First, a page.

Metal SensitivityMetal Sensitivity

The metal alloys used in artificial joints are subject to corrosion when they come in contact with the body. This process can lead to metal ions being released into the blood and surrounding local tissue, causing a reaction to soft tissue and bone. Although most knee replacement results are excellent, this type of immune response occurs in about 10% of the general population and can result in knee revision surgery.1 Just like typical food and air sensitivities, reactions to metals can also change over time. If you already have a metal implant in your body, the rate of a hypersensitive response will increase to 20%1, and if you are experiencing complications or issues with your knee replacement, you could be part of the 60% of the population who shows sensitivity to metals.1 It is important to know that although there are tests to determine if you may be sensitive to metals, there is no current blood level that would indicate or conclude that a person has a sensitivity or reaction.1

Here’s what you should know about metal sensitivity:

  • Implant related reactions are considered type IV Delayed Type Hypersensitivity (DTH) which is different from food-related reactions/allergens.2
  • Common metals and metal alloys found in implants can trigger a response in the body, however what levels that will trigger a response in not known1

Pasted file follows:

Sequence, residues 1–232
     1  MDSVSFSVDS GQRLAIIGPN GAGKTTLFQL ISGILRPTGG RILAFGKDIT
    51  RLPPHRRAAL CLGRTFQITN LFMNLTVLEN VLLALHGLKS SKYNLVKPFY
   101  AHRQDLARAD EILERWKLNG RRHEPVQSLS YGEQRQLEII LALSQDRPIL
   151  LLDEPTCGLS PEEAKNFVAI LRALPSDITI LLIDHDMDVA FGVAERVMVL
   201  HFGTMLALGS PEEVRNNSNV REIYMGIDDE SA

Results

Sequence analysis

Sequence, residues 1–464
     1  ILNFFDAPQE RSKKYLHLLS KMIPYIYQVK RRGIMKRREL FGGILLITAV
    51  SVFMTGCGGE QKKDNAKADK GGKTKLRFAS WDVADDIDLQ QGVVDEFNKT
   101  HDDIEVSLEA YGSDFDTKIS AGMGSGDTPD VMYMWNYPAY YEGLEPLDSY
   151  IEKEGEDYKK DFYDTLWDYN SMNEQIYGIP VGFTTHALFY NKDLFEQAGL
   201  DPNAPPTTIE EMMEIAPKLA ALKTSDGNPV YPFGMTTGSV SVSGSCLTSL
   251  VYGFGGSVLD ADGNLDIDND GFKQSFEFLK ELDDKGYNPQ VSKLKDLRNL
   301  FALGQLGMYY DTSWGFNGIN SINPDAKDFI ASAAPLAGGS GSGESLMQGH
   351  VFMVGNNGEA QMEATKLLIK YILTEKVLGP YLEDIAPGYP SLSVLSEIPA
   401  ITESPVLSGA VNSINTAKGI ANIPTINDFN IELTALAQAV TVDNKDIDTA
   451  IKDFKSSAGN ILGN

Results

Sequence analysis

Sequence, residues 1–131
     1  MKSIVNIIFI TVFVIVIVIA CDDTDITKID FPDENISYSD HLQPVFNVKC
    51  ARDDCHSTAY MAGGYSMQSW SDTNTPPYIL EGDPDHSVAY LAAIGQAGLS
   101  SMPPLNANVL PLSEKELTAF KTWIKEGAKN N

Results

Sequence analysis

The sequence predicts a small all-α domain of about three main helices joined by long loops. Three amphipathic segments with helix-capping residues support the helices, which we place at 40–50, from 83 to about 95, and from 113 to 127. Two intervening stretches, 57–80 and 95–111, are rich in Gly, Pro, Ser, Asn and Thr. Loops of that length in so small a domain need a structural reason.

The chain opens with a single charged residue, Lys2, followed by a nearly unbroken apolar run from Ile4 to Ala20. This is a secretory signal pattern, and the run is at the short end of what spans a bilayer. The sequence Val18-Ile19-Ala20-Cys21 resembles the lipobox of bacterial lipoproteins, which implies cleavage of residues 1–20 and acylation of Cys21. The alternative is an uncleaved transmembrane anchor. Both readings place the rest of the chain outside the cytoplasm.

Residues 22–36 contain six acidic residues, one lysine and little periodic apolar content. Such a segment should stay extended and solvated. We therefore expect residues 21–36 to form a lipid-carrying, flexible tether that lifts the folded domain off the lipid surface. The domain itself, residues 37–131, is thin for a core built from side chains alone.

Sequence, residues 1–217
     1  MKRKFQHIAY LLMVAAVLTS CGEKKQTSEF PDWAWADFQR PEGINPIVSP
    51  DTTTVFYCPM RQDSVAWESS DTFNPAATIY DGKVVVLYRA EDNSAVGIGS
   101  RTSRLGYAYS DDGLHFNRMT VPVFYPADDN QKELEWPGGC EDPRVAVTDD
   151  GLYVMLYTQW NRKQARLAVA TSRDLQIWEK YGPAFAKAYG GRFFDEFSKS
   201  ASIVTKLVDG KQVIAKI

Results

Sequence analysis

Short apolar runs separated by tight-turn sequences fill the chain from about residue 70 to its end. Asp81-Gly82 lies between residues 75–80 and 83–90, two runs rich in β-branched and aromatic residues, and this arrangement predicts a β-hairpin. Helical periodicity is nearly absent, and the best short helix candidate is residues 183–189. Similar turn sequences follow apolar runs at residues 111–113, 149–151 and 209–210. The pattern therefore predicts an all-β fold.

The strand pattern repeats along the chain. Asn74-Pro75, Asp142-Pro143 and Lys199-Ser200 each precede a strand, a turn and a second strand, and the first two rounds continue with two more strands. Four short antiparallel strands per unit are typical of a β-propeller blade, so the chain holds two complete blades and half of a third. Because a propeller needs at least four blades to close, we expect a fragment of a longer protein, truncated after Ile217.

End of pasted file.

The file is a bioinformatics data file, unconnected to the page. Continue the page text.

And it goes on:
• 10-15% of patients are affected by reactions to metals such as cobalt, nickel, and chrome; common metals used in joint implants1
  • Delayed Hypersensitivity reactions can include: implant loosening, warmth or swelling around knee, skin rash2

If you experienced a reaction to jewelry, metal belts or previous implants, you should discuss with your doctor if you are a candidate for alternative implant options and if testing for metal hypersensitivity is right for you.

1 Hallab N, Merrit K, Jacobs J, Metal Sensitivity in Patients with Orthopaedic Implants, J Bone Joint Surg. Am. 2001; 83A 428-36
2 Mihalko W, Goodman S, Hallab, N, Jacobs J. Skin Patch Testing and Associated Total Knee Outcomes. AAOS Now. September 2012
CHART Hallab NJ, Anderson S, Stafford T, Gant T, Jacobs JJ. “Lymphocyte responses in patients with total hip arthroplasty.” J Orthop Res 2005; 232:384e91.